It is one of the essentials of any facial care routine. Despite some reluctance, new positive points for its application are described daily. How and when to use it
It is one of the star ingredients of cosmetics. An ally of skin care, thanks to the benefits it provides. However, despite its known benefits, vitamin C is also one of the compounds that generates the most doubts when using it.
Many of the myths around it create reluctance to include it in the beauty routine, but most are based on the lack of reliable information. Here are its main benefits and the answers to the most frequent questions.
Vitamin C is one of the main ingredients to slow down aging. It is an antioxidant and protects against free radicals and cell oxidation. In this sense, it also intervenes in the synthesis of collagen and elastin, natural compounds of the skin that are lost with age. It is because of this property that it improves the appearance of wrinkles.
To this must be added that it protects against sun damage, improves the skin’s protective barrier, evens out tone and reduces spots, provides luminosity, reduces inflammation and protects from pollution.
“Vitamin C is a substance that the entire body, and not just the skin, uses for many vital functions, hence its consumption is of vital importance.” The dermatologist doctor Lucas Ponti began to explain to Infobae and pointed out that “the human being is one of the few animals that cannot produce it by themselves, so yes or yes, they have to receive it from the outside and the diet is the main way of incorporate this nutrient in a balanced way”.
In the case of the skin, “beyond incorporating it orally through food, it is necessary to do so in the form of cosmetic products,” said the specialist from the Argentine Society of Dermatology (SAD), who emphasized that “vitamin C It is one of the most powerful antioxidants that prevents premature aging of the skin as well as of many organs, maintaining the vital functions of the skin”.
The truth is that it is a great antioxidant and an ally of the skin, famous for bringing “calm” to the face with its use, and it is one of the key principles for having protected, illuminated and young skin.
Among its most common myths, it is often heard that vitamin C can only be used at night, or that it irritates the skin.
In the opinion of experts, nothing is further from reality.
“Not only can we use it for the day, but it is the key time to do it. A routine rich in vitamin C will be applied morning and night, but if it is done only once, it is always preferable that it be in the morning, ”dermatologist Lilian Demarchi explained to this medium.
In Ponti’s opinion, “when used at night it is a natural lightener and it is a stimulator of collagen synthesis; and when used during the day, it combats the production of free radicals caused by damage from ultraviolet radiation and environmental pollution.” “Vitamin C should be present in all facial care routines, especially in skin that is more exposed to the sun or urban pollution,” she assured.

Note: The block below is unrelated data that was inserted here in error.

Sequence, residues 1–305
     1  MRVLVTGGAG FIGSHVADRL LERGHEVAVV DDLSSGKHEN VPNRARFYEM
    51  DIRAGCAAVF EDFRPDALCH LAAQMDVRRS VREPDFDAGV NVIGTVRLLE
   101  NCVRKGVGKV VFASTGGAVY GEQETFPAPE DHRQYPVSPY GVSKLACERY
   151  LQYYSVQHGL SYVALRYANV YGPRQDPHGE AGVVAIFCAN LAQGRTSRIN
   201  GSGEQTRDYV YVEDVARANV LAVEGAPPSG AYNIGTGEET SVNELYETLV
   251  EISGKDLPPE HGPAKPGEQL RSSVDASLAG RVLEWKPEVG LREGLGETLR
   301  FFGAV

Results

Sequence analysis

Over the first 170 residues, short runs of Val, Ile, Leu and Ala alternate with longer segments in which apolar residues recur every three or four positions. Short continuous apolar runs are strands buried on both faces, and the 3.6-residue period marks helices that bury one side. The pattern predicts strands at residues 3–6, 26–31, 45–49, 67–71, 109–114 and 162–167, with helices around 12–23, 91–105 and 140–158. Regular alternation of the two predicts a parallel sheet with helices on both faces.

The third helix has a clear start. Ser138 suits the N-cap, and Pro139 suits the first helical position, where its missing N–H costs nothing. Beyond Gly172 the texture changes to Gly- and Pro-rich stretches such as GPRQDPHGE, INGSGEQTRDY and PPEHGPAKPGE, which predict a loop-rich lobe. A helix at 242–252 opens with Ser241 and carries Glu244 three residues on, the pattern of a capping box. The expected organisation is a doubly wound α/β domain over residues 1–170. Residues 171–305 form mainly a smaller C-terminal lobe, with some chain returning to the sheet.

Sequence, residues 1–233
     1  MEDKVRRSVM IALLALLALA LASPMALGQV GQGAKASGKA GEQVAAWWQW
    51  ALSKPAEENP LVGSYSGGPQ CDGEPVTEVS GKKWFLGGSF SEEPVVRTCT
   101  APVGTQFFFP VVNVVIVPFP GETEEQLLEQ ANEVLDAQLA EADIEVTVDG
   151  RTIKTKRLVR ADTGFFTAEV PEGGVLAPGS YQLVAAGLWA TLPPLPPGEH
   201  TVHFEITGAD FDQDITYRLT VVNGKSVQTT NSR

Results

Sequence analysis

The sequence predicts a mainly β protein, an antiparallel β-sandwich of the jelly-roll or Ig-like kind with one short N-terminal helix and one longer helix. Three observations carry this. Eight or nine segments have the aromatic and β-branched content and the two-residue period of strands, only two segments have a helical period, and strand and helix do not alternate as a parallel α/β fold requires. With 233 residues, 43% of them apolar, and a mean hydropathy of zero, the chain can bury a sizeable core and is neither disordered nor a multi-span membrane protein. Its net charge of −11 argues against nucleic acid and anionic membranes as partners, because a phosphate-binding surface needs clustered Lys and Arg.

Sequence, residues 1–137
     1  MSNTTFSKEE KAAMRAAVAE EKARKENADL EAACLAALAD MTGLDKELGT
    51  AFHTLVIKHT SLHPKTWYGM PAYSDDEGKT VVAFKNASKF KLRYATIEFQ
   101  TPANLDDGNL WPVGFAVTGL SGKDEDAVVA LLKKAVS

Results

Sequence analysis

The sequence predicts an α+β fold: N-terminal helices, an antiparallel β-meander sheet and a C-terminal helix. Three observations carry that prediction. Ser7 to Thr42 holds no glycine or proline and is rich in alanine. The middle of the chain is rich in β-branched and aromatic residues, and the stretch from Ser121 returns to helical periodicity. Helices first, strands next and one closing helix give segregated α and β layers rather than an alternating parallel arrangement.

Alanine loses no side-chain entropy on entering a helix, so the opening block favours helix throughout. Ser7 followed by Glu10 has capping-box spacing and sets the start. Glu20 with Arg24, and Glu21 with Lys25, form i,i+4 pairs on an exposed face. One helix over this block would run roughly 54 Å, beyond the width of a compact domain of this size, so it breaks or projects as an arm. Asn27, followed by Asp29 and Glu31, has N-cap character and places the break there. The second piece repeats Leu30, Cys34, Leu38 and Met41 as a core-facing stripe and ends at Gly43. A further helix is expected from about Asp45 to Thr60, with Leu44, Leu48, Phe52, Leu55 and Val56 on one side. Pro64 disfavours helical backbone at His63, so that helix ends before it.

About the risk of irritation, it seems, is another of the most common myths surrounding the use of this product and it lies in what happens when it oxidizes, but if this happens, it is because it is not a stable formula. Firms currently work with self-stable forms of vitamin C that can be open for months without oxidizing.
In this sense, it is often stated that vitamin C is contraindicated in people with rosacea. “It is a half myth because if the product is in high concentrations it can irritate the skin, but since it stimulates the synthesis of collagen, which is found in the capillaries that are altered by rosacea, vitamin C actually reinforces those little veins improving the ability not to blush,” explained Demarchi.
Likewise, it is often said that vitamin C cannot be used with retinol, and that it should not be applied with Alpha Hydroxy Acids (AHAs) and Beta Hydroxy Acids (BHAs).
In this regard, Estefanía Nieto, technical director of Omorovicza, pointed out that “as long as you work with stable forms of vitamin C and A (retinol), there should be no problems. Only in the beginning were they not combinable, because vitamin C in its pure form could do an exfoliation. As retinol also performs a similar function, there was talk that it could over-exfoliate the tissue. This no longer happens and in fact one of the best combos is vitamin C with retinol. Together, they work in synergy to renew the skin, improve pigmentation, synthesize collagen and elastin, reduce pores, etc.”
Regarding its combination with AHAs and BHAs, Demarchi stressed that “whoever affirms this is referring to the fact that vitamin C exfoliates, but the current stable forms do not exfoliate. There is no problem in combining it with alpha or beta hydroxy acids. In fact, vitamin C may support them by helping to improve hydration, collagen synthesis, hyperpigmentation, etc.”
Finally, regarding the ability of this compound to stain the skin, the dermatologist explained: “When working with very unstable vitamins C (pure ascorbic acid), they could cause skin sensitivity and, when exposing the skin to the sun, cause hyperpigmentation . But this is not the case with the stable forms of vitamin C that are commonly used.”
And she concluded with the quintessential advice that, in her opinion, is key to skin care: “It is always the sun that stains, not the products, that is why it is so important to apply sunscreen daily even if we do not leave the house” .
Thus, vitamin C is considered one of the most powerful antioxidant agents in the body. It is an essential vitamin that must be supplied to the body and whose dermatological properties are multiple.